Monday, 21 July 2008

Top Gear, Top Blokes

Fans of the BBC's Top Gear show are having to wait 21 years for studio tickets as the waiting list is now over 336,000 people long, according to Autoblog.

Mind you that's nothing compared to the 100 year wait that institutional repository fans might have to endure to reap the benefits of the ROAD project's latest experiment. In a stunt very reminiscent of the Top Gear program, Stuart Lewis and his team of repository torturers are going to stuff a million items into the ingest interfaces of DSpace, EPrints and Fedora repositories. If this really were "Top Gear", two repositories would explode and the winner would be Stuart Lewis with a wallet of rewritable DVDs. Since this isn't "Top Gear" all that will happen is that some of the repositories might slow down unacceptably and will need to have their storage or metadata modules re-engineered to work efficiently at this scale.

But what's the 100 year wait about? That's how long it would take for an Institutional Repository working at full efficiency to accumulate a million items, given that the average institution has about 1000 academics who each deposit a research or teaching output around once a month (or 10 times a year given time off for vacations and admin). That makes about 10K items per year, 100K items per decade or a million items per century accruing to your repository. And given that most IR's aren't operating at that level of efficiency yet, the Repository Managers of the next century can safely drink a toast to the ROAD team for setting their minds at ease.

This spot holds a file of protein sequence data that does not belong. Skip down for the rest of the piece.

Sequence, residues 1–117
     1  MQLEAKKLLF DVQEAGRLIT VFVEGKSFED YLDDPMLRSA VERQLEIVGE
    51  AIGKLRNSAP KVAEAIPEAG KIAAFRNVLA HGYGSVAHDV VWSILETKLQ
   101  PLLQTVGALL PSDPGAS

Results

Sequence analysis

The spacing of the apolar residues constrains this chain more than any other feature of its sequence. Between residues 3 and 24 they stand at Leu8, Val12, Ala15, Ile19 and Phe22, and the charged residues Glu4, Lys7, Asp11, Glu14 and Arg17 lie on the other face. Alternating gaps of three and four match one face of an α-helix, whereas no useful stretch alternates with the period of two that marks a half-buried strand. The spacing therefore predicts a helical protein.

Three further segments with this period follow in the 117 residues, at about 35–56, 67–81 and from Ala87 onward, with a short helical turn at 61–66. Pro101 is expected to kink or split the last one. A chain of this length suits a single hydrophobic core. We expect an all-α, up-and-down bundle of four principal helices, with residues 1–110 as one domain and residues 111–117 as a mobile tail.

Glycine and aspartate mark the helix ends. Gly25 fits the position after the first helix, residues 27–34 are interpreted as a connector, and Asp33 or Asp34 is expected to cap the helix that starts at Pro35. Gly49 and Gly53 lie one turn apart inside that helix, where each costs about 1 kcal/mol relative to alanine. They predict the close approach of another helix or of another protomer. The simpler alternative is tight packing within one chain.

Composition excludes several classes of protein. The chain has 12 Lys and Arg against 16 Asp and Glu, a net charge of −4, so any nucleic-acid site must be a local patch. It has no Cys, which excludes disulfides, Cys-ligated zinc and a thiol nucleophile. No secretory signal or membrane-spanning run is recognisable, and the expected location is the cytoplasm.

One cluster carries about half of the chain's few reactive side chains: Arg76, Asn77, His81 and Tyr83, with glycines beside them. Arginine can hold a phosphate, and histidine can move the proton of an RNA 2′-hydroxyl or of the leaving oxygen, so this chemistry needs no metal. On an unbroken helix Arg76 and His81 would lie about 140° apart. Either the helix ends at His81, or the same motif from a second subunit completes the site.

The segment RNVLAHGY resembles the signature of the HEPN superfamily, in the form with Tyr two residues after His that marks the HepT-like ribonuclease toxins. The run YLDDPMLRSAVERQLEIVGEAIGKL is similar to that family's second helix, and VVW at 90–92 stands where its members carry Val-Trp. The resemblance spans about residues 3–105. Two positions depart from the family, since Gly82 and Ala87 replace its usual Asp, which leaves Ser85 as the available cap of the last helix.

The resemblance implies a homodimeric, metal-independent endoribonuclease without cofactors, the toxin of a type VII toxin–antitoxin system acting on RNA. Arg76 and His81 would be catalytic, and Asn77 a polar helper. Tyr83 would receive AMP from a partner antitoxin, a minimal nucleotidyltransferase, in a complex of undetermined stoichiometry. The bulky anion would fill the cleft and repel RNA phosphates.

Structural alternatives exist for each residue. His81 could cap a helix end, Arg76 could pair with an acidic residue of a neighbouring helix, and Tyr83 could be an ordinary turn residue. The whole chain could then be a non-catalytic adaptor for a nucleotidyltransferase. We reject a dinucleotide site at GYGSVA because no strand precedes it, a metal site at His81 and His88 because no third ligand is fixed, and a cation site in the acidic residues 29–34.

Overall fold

Thursday, 10 July 2008

Open Access: Nurture? Or Nature?

In the aftermath of the announcement about Nature depositing author postprints into PubMedCentral, I tried to use papers from Nature as an example for some EPrints sessions I am running at an Open Access workshop at the International Centre for Theoretical Physics (ICTP) in Trieste. This morning I was trying to find some papers for the delegates to practise depositing into an EPrints repository, and I have discovered that you need an ICTP library password to be able to download Nature PDFs - there isn't a blanket IP subscription. Fair enough, I have no problem with how they manage their subscription. However, it turns out that if I go to's front page, I am forbidden from seeing the picture of Nature magazine's current front page! Literally I get the normal web page with a hole in it - and a request to type in my subscription password.

This is the difference between what I see from my home institute and at ICTP.
With SubscriptionWithout subscription
Now, I don't really think that Nature is trying to withhold a commercially valuable image from dirty-rotten-internet-freeloading-scoundrels. I am sure that it was just a mistake in translating company policy into HTML code. But I the fact that such a mistake is possible is evidence that Nature is genuinely conflicted between subscription access thinking and open access thinking. This is what my friend Stevan Harnad has recently pointed out - on the one hand Nature is offering something positive for OA, but on the other hand they are still restricting OA. On reflection and on balance, it would be better for them to give us what we cannot take for ourselves (permission for immediate OA) rather than giving us what we could have done anyway (deposits in PMC and repositories).

Some have suggested it is rather churlish or ill-mannered of Stevan to point this out, and that we should be grateful and just shut up. I don't agree. We still want Open Access to Research Outputs, not a 6-month intellectual headstart for paying customers.